Telemedicine was initially developed to handle patients with seemingly minor symptoms from the comfort of their homes, but the technology didn’t fully take off until the onset of COVID-19. Although the technology existed long before the pandemic, managing low acuity patients at a distance has never been more important. While telemedicine is handling patients virtually, AI is also a key component of effective distanced care. AI can send automatic reminders to help patients stay on top of their treatment. The technology lets them know when to take their medication, and when to contact a live health care provider. Not only does telemedicine help handle low acuity patients, but it also helps address dwindling provider availability.

Telemedicine for low acuity care also offers an additional revenue stream for clinics. Now, telehealth makes patients more likely to engage with their primary providers for symptoms they may have otherwise ignored. This also comes at a major benefit to patients. Telemedicine is much more cost-effective than in-person care, averaging $79 while an office visit’s average cost is $146, a study by Health Affairs found. Additionally, patients can receive more convenient care at a time that works for them.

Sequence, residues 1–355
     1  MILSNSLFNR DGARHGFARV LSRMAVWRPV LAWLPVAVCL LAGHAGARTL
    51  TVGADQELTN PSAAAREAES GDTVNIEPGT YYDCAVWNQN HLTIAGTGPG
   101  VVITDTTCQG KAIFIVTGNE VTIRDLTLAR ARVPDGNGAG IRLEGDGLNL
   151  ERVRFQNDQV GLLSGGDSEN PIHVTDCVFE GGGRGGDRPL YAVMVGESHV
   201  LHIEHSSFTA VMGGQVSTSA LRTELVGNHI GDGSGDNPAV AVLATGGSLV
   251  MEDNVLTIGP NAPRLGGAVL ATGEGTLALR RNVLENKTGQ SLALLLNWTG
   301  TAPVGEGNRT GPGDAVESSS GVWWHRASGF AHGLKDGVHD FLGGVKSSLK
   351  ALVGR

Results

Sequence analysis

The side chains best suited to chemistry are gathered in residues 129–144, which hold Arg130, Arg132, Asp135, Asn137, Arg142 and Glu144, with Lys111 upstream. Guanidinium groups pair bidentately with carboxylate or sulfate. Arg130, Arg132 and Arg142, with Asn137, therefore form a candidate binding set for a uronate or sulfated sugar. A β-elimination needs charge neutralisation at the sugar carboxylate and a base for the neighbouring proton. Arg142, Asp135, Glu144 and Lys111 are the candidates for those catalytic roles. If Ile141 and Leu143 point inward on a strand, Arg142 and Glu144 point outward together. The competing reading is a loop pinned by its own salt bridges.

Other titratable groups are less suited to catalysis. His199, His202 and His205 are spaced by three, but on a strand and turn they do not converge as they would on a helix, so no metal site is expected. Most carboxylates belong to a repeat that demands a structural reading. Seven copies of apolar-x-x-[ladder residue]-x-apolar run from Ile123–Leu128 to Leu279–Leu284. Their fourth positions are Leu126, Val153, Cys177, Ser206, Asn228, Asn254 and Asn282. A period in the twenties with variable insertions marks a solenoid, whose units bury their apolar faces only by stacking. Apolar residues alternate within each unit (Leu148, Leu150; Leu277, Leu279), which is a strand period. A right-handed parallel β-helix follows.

Revenue Cycle Solution

As patients and providers are being encouraged to use virtual health care platforms due to COVID-19, the amount of data being captured has greatly exceeded in-person data collection. When AI provides the EHR with more data to crunch, the technology can learn faster to improve operations and patient outcomes. A major benefit of this process is a more efficient revenue cycle. AI can help clinics better manage patient revenue data to ensure they get paid faster. Like telehealth, interoperability is essential for the revenue cycle to function in this way. When all technologies are able to connect with one another, data can transfer easily and effectively. This means that when a provider completes an appointment, the patient data can be automatically entered into the EHR. From there, the EHR can analyze the data and bill patients appropriately without reliance on administrative staff. This reduces the possibility of human error and allows clinics to get paid on time.

COVID-19 brought significant challenges to clinical revenue cycles, especially clinics that weren’t equipped with effective technology. 70% of primary care practices have experienced a significant decrease in volume, and just more than half had enough cash to stay open for another month, as reported by MGMA. This outlook was even worse for behavioral health care providers, with 62% of behavioral health clinics closing at least one program, according to Open Minds.

However, one behavioral health care organization with multiple clinics that fared well during the onset of the pandemic was Tucson, Arizona-based COPE Community Services.As other behavioral health care clinics reported dramatic revenue losses, COPE’s revenue actually increased.